Tag Archives: souls

No children by a cemetery


M is a Mexican immigrant from the state of Nayarit. She immigrated to the United States when she was young and resides in Southern California. She relays the superstitions of her culture to others and uses it as a conversation topic. She does this as a way of preserving her culture while being away from her homeland.

The context of this piece was during a road trip with M as we passed a cemetery while in the car.


Me:, ¿podrías contarme alguna superstición o tradición que tengas sobre los cementerios?

M: Bueno, en México, al menos en el pueblo del que vengo, creen que los cementerios son un mal presagio para los niños. Sí, creo que permiten que los muertos descansen en un lugar tranquilo, pero para los vivos, al menos, hace lo contrario. Es especialmente malo para los bebés o los niños más pequeños.

Yo: ¿Es específicamente peligroso para los bebés?

M: Sí, especialmente para los pequeños e inocentes bebés. Hay una historia en los cementerios que dice que si pasas por uno, ya sea en coche o simplemente caminando, debes llamar a tu bebé. Tienes que ir diciendo su nombre y llamándolo hacia ti. No importa si están a tu lado, debes llamarlos hacia ti y decirles que vayan contigo.

Me: ¿Hay alguna forma de llamarlos?

M: Puedes decir simplemente “Vamos, cariño, vamos” y luego decir su nombre. Tienes que hacer saber a los bebés que te vas y que deben irse contigo. Esto es porque se dice que desde que un bebé es tan joven y frágil su alma podría ser robada por un espíritu del cementerio. Por eso tienes que llamar al alma de tu bebé para que se vaya con su cuerpo.

// Translation

Me: Well, could you tell me about any superstitions or traditions you have about cemeteries?

M: Well, in Mexico, at least in the town I come from, they believe that cemeteries are a bad omen for children. Yes, I think they allow the dead to rest in a peaceful place, but for the living, at least, it does the opposite. It’s especially bad for babies or younger children.

Me: Is it specifically dangerous for babies?

M: Yes, especially for small, innocent babies. There’s a story in cemeteries that if you pass by one, either by car or just walking by, you have to call your baby. You have to go around calling their name and calling them to you. It doesn’t matter if they are next to you, you have to call them to you and tell them to go with you.

Me: Is there a way to call them?

M: You can just say, “Come on, honey, come on,” and then say their name. You have to let the babies know that you are leaving and that they should go with you. This is because it is said that since a baby is so young and fragile its soul could be stolen by a spirit from the cemetery. That is why you have to call your baby’s soul to leave with their body.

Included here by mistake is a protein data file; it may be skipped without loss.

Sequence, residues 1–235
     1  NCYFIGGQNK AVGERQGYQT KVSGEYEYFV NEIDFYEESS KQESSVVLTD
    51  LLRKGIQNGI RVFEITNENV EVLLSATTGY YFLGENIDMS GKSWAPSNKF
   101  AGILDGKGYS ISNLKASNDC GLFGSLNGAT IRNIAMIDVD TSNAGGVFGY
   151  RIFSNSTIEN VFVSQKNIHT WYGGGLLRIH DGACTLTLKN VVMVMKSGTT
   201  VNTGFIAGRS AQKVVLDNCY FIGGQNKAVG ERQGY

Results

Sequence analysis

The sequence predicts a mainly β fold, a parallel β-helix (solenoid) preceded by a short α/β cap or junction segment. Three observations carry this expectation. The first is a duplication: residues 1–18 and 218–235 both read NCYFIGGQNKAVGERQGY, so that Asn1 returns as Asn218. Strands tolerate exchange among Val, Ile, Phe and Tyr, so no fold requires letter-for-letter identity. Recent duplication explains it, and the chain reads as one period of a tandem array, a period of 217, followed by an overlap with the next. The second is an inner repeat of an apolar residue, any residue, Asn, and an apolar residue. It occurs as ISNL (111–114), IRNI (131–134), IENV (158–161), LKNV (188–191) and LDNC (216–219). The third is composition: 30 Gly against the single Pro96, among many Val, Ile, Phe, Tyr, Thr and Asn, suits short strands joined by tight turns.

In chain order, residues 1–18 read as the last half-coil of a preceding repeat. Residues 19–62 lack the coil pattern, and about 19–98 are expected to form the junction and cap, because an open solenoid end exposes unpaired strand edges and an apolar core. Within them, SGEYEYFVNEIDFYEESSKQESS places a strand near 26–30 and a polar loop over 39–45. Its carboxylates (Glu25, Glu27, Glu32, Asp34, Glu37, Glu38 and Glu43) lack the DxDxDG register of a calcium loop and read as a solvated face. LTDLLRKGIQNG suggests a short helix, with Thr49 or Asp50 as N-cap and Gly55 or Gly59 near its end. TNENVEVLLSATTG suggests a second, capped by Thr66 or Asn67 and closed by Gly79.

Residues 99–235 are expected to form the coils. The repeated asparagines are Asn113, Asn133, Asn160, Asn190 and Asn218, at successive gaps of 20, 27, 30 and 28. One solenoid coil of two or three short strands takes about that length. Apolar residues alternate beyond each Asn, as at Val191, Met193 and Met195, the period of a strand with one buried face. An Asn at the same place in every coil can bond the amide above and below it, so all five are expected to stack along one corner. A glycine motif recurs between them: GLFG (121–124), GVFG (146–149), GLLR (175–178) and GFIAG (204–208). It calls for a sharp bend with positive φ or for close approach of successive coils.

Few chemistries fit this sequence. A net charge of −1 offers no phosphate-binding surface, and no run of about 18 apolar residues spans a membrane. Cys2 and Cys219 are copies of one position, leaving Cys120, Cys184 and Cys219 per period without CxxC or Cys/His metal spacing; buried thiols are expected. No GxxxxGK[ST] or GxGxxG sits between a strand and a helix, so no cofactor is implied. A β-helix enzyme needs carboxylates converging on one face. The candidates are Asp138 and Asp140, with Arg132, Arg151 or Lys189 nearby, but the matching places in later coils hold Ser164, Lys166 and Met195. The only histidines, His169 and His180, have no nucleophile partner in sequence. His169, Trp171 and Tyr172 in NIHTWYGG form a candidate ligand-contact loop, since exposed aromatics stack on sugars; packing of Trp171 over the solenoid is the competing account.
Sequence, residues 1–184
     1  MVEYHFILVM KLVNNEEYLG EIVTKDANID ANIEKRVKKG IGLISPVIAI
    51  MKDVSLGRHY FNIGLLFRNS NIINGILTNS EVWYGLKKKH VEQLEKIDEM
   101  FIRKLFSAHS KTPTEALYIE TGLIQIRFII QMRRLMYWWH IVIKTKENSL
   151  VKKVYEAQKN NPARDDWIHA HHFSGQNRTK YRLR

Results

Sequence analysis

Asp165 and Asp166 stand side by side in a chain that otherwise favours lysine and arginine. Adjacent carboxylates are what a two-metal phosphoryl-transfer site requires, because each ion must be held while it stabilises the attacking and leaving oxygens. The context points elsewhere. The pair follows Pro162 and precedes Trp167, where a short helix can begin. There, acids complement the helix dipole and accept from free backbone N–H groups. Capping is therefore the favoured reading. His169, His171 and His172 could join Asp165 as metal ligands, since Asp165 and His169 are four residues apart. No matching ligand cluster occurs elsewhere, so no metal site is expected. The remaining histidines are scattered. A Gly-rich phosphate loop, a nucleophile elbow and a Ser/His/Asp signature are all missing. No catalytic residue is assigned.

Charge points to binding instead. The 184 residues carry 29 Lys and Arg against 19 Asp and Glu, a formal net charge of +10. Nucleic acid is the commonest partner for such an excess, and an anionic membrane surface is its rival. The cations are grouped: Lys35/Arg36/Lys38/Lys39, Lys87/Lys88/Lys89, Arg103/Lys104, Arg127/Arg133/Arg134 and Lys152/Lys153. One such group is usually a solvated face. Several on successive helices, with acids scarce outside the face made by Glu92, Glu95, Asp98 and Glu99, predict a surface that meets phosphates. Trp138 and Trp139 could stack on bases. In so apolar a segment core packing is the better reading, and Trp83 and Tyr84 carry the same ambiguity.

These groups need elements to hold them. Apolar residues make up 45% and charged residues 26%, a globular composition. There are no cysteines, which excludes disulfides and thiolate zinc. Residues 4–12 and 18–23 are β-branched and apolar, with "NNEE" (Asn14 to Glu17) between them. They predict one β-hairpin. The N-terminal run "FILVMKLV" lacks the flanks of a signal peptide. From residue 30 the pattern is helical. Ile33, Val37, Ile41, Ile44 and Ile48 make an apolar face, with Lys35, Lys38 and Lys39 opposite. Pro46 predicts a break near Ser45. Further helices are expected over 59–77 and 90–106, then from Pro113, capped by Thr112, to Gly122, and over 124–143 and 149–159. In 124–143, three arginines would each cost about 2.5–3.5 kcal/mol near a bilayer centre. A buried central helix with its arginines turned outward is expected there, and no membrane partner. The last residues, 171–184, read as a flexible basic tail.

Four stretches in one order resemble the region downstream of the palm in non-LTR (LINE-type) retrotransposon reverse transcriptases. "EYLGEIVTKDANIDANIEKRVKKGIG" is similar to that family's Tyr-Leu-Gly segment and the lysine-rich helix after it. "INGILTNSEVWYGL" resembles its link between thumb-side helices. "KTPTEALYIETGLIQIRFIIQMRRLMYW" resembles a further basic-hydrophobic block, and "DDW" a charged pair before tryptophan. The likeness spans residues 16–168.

Folklore surrounding cemeteries is a frequent topic across different cultures as its connections to the afterlife are strong. I found M’s interview interesting because it discussed a folklore that can be applied universally to any cemetery in the world. I like that folklore can be applied to any region in the world. I also found it interesting as M explained why it’s important to call for the name of the child as it is attached to its soul. It was also interesting to see the duality of cemeteries through M’s perspective. I always found cemeteries somewhat chilling, but I understood that it was someone’s final resting place so hearing about how cemeteries also take from the living.

The Second Name

Main piece: We have the tradition of naming our children after loved ones who have died. If however, the person who is deceased died at a young age, we give the baby a second name of an old person. We want the baby to have better luck and live longer; live a long life.

Background: My informant is a seventy-nine year old Ashkenazi Jewish woman living in Baltimore, Maryland. She is also my grandmother. She describes herself as a follower of “bubbe-meise” (Yiddish), translated to “grandmother’s fable”, or a more serious version of old wive’s tales that are often accompanied by superstitions.

Context: My informant and I were discussing Jewish cultural traditions, when she asked me if I could remember where I got my name. I told her that it was after my great-aunt (her sister-in-law), who died fairly young (she was fifty-nine) of breast cancer. My informant then asked me if I remembered where I got my middle name. I told her it was after her (the informant’s) grandmother, who lived well into her nineties (she was around ninety-seven when she passed). My informant then explained this cultural practice to me. My informant’s eldest son’s name followed this tradition as well.